Fizz Marshall’s therapy centre blog: A spine-tingling surprise

  • I was very lucky to have been at the British Dressage National Convention for the Sunday session on 22 November and, like the whole crowd, was delighted to see the little surprise that team Hester and Dujardin sprung in the afternoon.

    Completely unexpectedly, they brought Valegro (Blueberry) to complement Nip Tuck (Barney) in the last demonstration of the day (pictured).

    There can only have been a handful of people present in the whole place that knew the plan, and in order to keep the surprise for as long as possible we smuggled Blueberry and Barney into stables on the end of our barn to get them ready as part of the covert operation.

    As a result it wasn’t just those attending the convention who got the shock of their lives that afternoon, our work experience students were pretty astonished to see the big boys arriving unannounced in front of their eyes too!

    Having warmed up — again out of sight — in the top indoor school, Carl and Charlotte continued to leave the crowds in the Hartpury Arena still completely unaware of what was going on.

    The champs then made their way to the holding arena, which housed the shopping area over the two days and was scattered with some rather surprised and happy punters as the boys and their entourage rolled in!

    As per the programme, Carl started his demo on Barney, and after a couple of minutes of introduction made the announcement that Blueberry had come to play too. The collective gasp of 1500 people is quite something to hear; it actually made the hairs stand up on the back of my neck! I’ve spoken to a few people since then who were also there, and it would seem I wasn’t the only one.

    Charlotte was grinning from ear to ear upon hearing the crowd’s reaction and Alan (Carl and Charlotte’s groom) had tears in his eyes — suffice to say, it was all a bit emotional! What a privilege to be there for such a moment. The level of affection that people have for this wonderful horse was there for all to see; it was a tangible reflection of awe and appreciation.

    Barney went on to excel himself following Blueberry’s exit after a highly entertaining demo with the two of them together. Carl, in partnership with Judy Harvey on the ground, gave a really interesting insight into how to score the big marks in a grand prix freestyle with style and flair all of his own.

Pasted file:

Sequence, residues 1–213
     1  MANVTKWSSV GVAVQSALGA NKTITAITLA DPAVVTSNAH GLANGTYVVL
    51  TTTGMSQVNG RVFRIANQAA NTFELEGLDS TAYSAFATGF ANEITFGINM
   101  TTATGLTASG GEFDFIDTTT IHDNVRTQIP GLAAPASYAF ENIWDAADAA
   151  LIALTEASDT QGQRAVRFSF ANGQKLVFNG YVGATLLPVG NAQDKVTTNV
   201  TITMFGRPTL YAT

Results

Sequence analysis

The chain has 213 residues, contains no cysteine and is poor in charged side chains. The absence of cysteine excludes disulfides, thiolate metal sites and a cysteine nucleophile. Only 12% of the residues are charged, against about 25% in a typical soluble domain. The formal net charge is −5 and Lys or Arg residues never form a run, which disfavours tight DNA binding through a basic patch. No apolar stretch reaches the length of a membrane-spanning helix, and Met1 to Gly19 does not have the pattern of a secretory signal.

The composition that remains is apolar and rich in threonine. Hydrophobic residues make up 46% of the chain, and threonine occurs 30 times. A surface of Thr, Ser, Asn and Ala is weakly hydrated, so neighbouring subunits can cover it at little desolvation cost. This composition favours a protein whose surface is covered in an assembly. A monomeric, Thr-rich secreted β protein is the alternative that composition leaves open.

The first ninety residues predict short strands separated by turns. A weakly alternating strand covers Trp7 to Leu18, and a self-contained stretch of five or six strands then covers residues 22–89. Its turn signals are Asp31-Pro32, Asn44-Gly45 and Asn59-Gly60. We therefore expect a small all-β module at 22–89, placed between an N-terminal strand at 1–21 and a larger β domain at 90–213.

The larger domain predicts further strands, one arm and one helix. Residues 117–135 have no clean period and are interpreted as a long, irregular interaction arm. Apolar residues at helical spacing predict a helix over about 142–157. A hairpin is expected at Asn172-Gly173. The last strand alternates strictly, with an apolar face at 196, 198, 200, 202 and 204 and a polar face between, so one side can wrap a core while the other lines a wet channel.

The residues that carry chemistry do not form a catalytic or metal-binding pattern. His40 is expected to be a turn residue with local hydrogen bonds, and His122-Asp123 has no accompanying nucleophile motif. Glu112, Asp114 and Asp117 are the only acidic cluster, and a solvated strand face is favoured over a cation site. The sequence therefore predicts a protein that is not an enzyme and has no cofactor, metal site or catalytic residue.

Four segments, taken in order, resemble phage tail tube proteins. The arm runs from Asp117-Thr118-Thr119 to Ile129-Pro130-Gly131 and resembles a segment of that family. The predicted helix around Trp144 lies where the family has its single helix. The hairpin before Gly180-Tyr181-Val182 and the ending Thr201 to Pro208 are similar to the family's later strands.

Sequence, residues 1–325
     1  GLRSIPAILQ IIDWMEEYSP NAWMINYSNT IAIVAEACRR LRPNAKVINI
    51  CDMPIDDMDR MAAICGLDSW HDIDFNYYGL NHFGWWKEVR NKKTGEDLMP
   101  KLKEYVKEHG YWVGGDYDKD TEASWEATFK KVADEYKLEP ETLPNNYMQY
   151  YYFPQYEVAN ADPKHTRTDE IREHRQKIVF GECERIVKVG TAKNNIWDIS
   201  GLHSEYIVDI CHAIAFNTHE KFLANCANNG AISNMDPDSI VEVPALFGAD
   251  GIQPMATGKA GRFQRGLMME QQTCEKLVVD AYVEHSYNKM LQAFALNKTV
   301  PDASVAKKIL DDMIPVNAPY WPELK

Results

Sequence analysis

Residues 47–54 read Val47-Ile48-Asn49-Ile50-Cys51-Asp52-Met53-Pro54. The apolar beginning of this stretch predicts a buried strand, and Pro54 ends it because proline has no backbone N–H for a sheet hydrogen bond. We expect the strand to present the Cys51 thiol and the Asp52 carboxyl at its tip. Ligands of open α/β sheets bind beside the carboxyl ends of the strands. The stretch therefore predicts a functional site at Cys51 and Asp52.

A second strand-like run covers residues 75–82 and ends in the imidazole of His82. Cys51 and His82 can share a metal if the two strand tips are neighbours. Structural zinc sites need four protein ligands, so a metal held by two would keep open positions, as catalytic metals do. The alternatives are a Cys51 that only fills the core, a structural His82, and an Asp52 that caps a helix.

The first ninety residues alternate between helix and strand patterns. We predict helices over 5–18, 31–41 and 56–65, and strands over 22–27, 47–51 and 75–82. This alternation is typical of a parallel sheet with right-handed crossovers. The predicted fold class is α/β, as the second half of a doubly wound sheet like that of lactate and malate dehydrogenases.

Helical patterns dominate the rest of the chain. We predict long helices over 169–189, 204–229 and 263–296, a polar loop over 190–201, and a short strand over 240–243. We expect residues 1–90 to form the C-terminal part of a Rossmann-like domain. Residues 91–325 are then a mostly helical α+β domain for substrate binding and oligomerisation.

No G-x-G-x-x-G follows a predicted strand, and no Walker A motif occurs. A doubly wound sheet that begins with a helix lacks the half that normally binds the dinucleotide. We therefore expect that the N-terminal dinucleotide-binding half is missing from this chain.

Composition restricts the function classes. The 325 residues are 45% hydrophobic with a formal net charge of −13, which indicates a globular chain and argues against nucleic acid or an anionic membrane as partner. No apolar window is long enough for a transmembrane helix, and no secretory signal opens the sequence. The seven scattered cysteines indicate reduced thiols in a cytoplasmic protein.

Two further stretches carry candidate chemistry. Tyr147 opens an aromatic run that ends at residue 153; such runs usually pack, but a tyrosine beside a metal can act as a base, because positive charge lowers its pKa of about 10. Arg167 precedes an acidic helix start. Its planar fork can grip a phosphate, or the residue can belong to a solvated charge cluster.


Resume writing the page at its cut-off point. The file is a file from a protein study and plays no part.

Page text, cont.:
My favourite sentiment of the whole thing was a quip along the lines of: “I’m not going to do the whole test as I don’t want the Germans to see!” I personally can’t wait to see it in full at Olympia next week.

    A new addition to our stable

    Back in June of this year I wrote about a trip that my boss Kathryn and I made to Tarporley in Cheshire to visit Racewood, the company that made our current mechanical horse, Hercules.

    We went up to road-test out their latest offering, the Three-day Event Simulator, a “horse” on which you can ride a grand prix dressage test, jump around course of showjumps and go cross-country on also. As soon as we left the premises we hoped to find a way to buy one of these amazing machines from Racewood, and I’m thrilled to say that we have been successful in securing the funding for a horse, with the help of the Margaret Giffen Charitable Trust.

    We are hugely grateful for the continued backing of the trust, who work to help create opportunities for people from all sectors of society to take part in equestrian activities. The trust especially focused on supporting those living with disability, the young, the elderly and people from disadvantaged backgrounds or a mixture of all of these things. We’re so excited to be able to purchase the simulator, which will be the first one of its kind in the UK, with all others having been shipped abroad so far.

    Racewood only make one of these horses at a time currently, and so we are expecting ours to be ready in the early part of 2016.

    One of the huge benefits of the horse is that it works with three screens that give you both frontal and peripheral vision whilst riding. This allows us not only to observe saddle and rein pressures, but also gives a more connected and integrated experience for the rider. In particular we hope that the children from our local Maisemore RDA group — whom we currently support by donating time on our other simulator Hercules each week — will benefit from this technology by providing a far more interactive experience on a horse than we have ever been able to before.

    The new horse will form the centrepiece in the Margaret Giffen Centre for Rider Performance, and will be available for hire for riders and/or instructors to train on, as well as being utilised to enhance our current rider performance clinic provision.

    These services are available to all, whether you’re associated with Hartpury or not and we can’t wait to get our new charge in situ to get going. And what will we call this new steed? Well, Margaret of course.


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